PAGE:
Rose Oshaia is the Global Head of IT at Better, which has quickly become a leader in the home lending space. Currently it finances over $2 billion in home mortgages every month and has raised $250 million in funding from well-known firms such as Kleiner Perkins and Goldman Sachs, to name a few.
Our Chief Customer Officer Rachel Orston sat down with Oshaia to discuss her thoughts on IT leadership, her path to becoming an IT leader, and the lessons she’s learned along the way.
Editor’s note: This conversation has been edited lightly for clarity.
To start off, tell me a little bit about your role today at Better and what you’re responsible for in that position.
I’m the current global head of IT at Better. Our SaaS, infrastructure, and customer support are all under my purview. I don’t do anything that’s borrower-facing, so my primary concern is everybody at Better. My job is to make sure that other people can do their jobs.
I love that. When did that become something that you felt was paramount in being an IT leader? When did you learn that that was core to being your mission?
When I got into IT, I was very scared. As a woman in IT, it’s often challenging to be heard, especially when it comes to the procedural aspects of the job. What I really needed my peers to understand in almost every interaction was, “This is what’s required, and this is something that the customers need.” I always put myself in someone else’s shoes when I think about the job, even during a difficult conversation with peers, which has made me super mindful of the fact that someone else’s productivity depends on how well I do my job.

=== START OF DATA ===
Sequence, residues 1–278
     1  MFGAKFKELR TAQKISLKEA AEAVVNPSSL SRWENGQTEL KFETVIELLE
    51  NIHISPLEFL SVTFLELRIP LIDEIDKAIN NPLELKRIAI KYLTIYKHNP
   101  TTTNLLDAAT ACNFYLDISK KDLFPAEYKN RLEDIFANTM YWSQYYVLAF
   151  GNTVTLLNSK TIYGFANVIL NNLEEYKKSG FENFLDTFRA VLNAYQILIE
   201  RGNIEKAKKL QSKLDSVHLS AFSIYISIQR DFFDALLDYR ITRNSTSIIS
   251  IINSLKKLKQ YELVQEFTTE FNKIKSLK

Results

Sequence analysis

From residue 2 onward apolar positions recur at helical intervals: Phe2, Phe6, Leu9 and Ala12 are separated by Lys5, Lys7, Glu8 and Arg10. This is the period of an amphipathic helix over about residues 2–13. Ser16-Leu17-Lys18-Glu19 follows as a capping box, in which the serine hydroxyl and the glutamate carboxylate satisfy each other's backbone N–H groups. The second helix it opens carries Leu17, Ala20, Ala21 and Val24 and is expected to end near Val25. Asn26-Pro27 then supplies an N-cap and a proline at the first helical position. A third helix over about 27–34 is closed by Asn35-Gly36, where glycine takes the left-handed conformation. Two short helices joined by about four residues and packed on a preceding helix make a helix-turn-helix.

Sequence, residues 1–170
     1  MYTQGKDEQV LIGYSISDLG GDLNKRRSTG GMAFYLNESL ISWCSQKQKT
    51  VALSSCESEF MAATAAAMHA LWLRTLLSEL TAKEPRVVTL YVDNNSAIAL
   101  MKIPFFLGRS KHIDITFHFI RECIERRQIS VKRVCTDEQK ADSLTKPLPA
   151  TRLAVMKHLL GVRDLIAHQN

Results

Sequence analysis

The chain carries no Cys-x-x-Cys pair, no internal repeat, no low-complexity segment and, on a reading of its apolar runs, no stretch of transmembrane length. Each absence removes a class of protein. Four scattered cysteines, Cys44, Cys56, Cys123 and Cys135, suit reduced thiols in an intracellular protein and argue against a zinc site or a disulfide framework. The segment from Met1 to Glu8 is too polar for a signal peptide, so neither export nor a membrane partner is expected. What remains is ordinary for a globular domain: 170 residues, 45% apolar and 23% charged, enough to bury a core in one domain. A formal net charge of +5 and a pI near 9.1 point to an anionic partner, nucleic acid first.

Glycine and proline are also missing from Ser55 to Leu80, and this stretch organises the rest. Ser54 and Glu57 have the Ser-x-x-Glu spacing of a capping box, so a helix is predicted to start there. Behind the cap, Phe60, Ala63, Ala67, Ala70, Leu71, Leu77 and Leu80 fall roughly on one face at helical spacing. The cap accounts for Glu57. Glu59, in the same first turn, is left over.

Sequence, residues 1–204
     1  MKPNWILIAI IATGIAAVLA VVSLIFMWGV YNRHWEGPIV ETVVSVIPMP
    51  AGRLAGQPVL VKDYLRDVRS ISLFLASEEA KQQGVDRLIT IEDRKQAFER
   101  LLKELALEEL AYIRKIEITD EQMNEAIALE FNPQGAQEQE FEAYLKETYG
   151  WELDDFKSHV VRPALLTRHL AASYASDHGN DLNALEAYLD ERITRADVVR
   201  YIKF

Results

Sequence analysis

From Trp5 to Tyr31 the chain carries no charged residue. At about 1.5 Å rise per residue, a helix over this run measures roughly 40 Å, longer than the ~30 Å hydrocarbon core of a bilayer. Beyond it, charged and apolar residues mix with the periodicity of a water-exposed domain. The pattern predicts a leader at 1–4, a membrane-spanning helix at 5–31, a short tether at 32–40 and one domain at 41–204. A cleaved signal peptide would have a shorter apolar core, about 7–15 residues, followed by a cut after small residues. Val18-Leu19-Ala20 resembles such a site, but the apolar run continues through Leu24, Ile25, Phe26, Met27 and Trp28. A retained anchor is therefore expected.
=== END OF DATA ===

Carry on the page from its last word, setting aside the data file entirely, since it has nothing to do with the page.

Because I grew up in a different country and watched my parents struggle with communication, I understand that communication isn’t about what you say, but how you’re hearing what’s being said to you.
Eventually I realized that users had an easier time talking to me because they didn’t feel silly when they didn’t know how to do something. Even though I was a trusted resource for a lot of people, I didn’t consider myself a leader until someone told me that I was a leader. When I think about it, a lot of my leadership happens in the background. I don’t normally do interviews or talks. For a long time I wanted nothing to do with any of that.
But over a year ago, some of the younger ladies that I know in technology called me out. They said, “You’re out there, you have this position, and you need to represent women—but you’re doing nothing.” And as someone who prioritizes helping others, I felt really bad that I wasn’t doing more in that regard.